F1 pre-season testing: What the data tells us from Day 2 in Barcelona
There were centuries all over the place on day two of pre-season testing, but while the opening day was super smooth for everyone, there were a few niggles that crept in and caused problems on the second day. Let’s take a look at the numbers…
Mercedes have hit the ground running
Week one of pre-season testing in 2019 was not the finest for the Silver Arrows, but they’ve exploded out of the blocks this time around, setting tongues wagging with an innovative new steering wheel system, nicknamed DAS, and leading two leading drivers from rival teams to admit the W11 looks “very, very quick”.
Lewis Hamilton had a ruthlessly efficient morning, clocking up a fraction over 100 laps before handing the car over to Valtteri Bottas. The Finn got down to business quickly, but had his running cut short inside the final hour with an electrical problem.
Their tally of 183 was 61 higher than rivals Ferrari (almost a whole Spanish Grand Prix race distance) and 49 better than Red Bull. At the other end of the spectrum, Renault managed just 93 laps, almost half that of Mercedes.
The French manufacturer had a difficult day, with Daniel Ricciardo hitting a kerb hard on the exit of Turn 9, causing minor floor damage that confined him to a lengthy stay in the garage. Esteban Ocon didn’t have a much better time of it, marginally breaking the 50-lap mark as he focused on an aero mapping programme in the afternoon.
Mercedes topped the speed charts
Mercedes set the pace in terms of top speed on day two, hitting the trap around 6km/h quicker than they managed on the previous day, a fraction ahead of Ferrari-powered Alfa Romeo.
At the other end of the spectrum were Haas. They may have completed the equivalent of two race distances, but they weren’t troubling the speed charts, the American team a staggering 41km/h slower than Mercedes.
Ferrari, Red Bull, McLaren, Renault, AlphaTauri, Racing Point and Williams were all within 7km/h of each other.
This is still early in testing, mind, so teams will be running their PUs on lower levels, instead focusing on reliability and working on engine settings and modes. We’ll have to wait until next week for them to turn them up to full strength and chase performance.
Honda changed engine in the Red Bull mid-way through the day, as a precaution, after seeing something on the data. However, further tests revealed there were no issues, so the original PU will be put back in the car to prove it further on Friday.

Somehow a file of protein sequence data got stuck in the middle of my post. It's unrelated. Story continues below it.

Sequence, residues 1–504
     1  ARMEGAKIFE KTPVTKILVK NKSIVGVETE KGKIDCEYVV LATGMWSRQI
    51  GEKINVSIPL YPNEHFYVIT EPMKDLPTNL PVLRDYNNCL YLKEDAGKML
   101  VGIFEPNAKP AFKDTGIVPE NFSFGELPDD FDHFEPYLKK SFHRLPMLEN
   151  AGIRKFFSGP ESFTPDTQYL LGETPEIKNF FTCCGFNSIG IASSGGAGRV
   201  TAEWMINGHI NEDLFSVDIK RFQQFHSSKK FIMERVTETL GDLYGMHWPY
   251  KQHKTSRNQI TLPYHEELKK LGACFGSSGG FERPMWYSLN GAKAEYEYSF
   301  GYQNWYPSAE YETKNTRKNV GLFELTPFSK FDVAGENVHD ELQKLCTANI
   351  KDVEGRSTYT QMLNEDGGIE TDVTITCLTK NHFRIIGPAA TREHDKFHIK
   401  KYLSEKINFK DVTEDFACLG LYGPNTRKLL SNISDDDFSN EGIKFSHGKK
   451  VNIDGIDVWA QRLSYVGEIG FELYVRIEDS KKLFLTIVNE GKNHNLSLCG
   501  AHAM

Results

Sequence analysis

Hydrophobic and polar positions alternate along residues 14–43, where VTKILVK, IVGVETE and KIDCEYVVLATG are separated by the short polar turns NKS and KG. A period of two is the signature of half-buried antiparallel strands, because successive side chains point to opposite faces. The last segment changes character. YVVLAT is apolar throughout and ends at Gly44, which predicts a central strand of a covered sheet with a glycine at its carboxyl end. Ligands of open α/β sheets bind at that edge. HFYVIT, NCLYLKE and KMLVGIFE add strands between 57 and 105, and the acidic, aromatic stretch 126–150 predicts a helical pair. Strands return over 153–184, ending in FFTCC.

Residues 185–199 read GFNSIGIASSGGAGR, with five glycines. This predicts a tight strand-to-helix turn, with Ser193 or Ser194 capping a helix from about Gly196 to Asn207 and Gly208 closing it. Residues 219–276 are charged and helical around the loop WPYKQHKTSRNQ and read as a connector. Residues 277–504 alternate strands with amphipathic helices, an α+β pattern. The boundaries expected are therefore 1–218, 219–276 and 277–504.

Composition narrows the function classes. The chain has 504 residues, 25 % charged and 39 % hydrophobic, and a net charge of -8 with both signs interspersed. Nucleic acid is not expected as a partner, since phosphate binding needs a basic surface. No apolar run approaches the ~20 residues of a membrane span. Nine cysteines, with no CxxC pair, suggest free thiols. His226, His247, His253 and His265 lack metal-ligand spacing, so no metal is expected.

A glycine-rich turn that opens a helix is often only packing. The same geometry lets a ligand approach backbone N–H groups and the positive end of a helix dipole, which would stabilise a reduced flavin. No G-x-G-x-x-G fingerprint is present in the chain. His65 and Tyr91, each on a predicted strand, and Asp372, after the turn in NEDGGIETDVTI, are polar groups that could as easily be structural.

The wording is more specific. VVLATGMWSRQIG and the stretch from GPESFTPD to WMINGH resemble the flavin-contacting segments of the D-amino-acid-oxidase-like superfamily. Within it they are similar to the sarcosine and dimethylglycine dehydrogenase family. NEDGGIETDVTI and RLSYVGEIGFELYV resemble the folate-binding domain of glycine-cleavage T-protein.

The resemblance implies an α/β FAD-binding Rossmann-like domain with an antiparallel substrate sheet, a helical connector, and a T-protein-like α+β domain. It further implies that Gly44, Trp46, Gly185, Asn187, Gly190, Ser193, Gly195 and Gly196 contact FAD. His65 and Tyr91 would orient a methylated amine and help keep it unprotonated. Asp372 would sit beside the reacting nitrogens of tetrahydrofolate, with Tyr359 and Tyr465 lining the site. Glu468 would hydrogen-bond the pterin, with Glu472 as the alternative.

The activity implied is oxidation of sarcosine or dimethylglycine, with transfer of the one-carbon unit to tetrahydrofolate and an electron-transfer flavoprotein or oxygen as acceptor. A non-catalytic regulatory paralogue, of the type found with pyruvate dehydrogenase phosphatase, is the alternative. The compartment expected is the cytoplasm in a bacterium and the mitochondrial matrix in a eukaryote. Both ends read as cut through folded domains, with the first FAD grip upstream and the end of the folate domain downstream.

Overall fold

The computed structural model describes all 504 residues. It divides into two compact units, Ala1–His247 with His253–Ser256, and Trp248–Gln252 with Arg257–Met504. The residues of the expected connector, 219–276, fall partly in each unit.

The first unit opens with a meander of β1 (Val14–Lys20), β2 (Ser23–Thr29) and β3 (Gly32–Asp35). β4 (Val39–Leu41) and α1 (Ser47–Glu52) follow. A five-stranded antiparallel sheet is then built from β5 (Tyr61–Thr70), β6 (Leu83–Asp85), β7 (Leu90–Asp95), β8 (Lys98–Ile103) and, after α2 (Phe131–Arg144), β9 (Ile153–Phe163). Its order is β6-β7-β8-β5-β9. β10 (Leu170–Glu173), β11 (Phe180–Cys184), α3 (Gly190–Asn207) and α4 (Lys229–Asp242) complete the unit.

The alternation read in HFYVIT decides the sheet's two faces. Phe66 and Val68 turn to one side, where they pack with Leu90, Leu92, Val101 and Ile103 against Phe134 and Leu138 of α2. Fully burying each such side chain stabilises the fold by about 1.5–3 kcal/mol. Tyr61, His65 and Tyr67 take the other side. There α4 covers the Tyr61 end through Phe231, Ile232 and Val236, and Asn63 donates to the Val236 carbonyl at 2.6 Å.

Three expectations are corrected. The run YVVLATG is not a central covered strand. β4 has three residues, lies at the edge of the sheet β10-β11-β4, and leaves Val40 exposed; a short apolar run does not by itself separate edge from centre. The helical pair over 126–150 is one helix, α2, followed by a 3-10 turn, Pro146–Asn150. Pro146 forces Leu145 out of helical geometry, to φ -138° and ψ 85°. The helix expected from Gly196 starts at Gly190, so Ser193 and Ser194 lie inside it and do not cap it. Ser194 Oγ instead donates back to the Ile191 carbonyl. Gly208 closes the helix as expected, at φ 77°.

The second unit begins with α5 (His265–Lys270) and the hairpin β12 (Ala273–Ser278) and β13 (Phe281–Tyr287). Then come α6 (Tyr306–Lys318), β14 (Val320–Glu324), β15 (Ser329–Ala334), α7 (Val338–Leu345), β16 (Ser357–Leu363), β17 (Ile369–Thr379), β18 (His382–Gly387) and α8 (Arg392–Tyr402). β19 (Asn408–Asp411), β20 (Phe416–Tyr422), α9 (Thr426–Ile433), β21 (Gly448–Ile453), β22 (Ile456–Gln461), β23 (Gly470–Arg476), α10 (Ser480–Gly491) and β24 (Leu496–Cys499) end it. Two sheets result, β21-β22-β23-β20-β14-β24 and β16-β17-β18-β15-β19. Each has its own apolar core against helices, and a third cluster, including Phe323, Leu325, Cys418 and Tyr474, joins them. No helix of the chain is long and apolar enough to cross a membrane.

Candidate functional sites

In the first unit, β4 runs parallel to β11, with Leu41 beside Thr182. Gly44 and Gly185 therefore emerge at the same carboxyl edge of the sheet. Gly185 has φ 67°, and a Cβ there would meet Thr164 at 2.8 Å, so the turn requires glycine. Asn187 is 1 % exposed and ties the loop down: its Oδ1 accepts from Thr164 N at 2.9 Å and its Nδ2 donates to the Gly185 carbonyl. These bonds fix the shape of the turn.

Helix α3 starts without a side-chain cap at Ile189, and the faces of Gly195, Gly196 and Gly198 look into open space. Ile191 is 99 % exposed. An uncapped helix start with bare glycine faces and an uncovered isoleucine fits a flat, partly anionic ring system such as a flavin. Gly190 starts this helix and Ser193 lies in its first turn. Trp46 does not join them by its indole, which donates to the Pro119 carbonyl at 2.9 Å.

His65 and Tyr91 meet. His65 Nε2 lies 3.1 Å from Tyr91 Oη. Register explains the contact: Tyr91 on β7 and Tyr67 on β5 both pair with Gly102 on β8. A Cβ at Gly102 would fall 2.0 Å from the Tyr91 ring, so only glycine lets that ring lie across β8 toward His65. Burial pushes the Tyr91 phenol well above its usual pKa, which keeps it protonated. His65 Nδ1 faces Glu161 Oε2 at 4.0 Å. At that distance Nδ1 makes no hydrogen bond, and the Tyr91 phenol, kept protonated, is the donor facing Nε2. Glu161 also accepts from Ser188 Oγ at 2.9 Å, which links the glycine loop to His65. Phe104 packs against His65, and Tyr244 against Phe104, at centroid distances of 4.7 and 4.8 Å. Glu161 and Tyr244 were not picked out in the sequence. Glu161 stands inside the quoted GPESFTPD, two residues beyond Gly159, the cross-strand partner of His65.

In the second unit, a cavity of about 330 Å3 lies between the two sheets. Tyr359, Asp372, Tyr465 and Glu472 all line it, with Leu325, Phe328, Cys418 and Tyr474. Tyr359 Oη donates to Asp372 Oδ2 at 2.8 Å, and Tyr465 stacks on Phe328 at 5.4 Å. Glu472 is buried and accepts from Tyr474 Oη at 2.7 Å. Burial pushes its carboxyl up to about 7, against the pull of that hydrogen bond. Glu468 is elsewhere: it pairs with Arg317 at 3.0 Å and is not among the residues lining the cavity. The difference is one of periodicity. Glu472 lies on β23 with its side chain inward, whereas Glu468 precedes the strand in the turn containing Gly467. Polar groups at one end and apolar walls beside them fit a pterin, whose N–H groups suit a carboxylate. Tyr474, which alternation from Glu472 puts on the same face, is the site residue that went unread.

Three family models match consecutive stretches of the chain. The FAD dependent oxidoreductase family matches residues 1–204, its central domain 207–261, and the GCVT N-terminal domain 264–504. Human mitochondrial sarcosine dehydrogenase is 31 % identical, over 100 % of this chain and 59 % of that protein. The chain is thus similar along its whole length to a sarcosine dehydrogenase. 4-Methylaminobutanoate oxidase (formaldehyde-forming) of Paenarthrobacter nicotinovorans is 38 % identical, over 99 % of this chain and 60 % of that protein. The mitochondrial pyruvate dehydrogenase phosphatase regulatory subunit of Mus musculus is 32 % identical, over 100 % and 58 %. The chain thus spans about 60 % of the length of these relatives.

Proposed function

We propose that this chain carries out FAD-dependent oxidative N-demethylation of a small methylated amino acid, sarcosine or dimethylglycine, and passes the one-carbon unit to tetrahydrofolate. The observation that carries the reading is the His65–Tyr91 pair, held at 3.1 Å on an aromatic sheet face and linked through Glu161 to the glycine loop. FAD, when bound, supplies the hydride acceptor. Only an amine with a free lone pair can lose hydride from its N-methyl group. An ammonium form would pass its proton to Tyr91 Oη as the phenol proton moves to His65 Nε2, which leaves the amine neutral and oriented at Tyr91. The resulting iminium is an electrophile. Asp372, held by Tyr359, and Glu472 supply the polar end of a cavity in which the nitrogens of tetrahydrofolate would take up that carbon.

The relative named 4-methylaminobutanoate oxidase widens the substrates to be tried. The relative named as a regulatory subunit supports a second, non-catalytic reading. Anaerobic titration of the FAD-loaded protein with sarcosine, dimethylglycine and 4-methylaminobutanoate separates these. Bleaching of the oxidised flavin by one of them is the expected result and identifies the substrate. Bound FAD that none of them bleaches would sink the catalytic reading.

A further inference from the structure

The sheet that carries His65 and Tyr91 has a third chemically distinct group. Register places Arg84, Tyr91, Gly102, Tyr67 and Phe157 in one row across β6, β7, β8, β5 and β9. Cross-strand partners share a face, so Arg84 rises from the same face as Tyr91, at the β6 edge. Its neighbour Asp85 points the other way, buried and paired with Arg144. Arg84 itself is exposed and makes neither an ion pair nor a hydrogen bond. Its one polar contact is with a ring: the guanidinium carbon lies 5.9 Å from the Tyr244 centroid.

Mix of programmes in action
The first half of Hamilton’s morning involved a series of medium stints with chunky gaps in between so the team could make changes to the car in between. As conditions warmed up, attention turned to a long run, with Hamilton kicking off with a very short stint, followed by three hefty stints with a quick turnaround between each before hopping out of the car for lunch. The Briton declared himself delighted with his fitness, adding he felt so good he could have done another 100 laps if needed.
Bottas did a series of very short runs early in the afternoon before doing his race simulation. His best lap of the day came in the final stint, but he wasn’t able to complete the run because of an electrical programme.
Romain Grosjean was the only other driver who looked like he did a race simulation with a run towards the end of the day, but it was significantly shorter than the race sims completed by Hamilton and Bottas.
Alfa Romeo were the surprise pace-setters, with Kimi Raikkonen focusing on short runs throughout the day. It’s likely they took fuel out for the final few very short runs of the day, his best lap coming on his third from last run. The Finn stopped out on track inside the final hour, causing the test’s first red flag, as he deliberately ran out of fuel.
Sebastian Vettel hasn’t been feeling well of late, the German suffering with a bout of flu last week, so he didn’t get his first shot at driving the car in testing until Thursday afternoon. The German completed 10 medium-length runs before doing a series of four short runs with quick stops in between.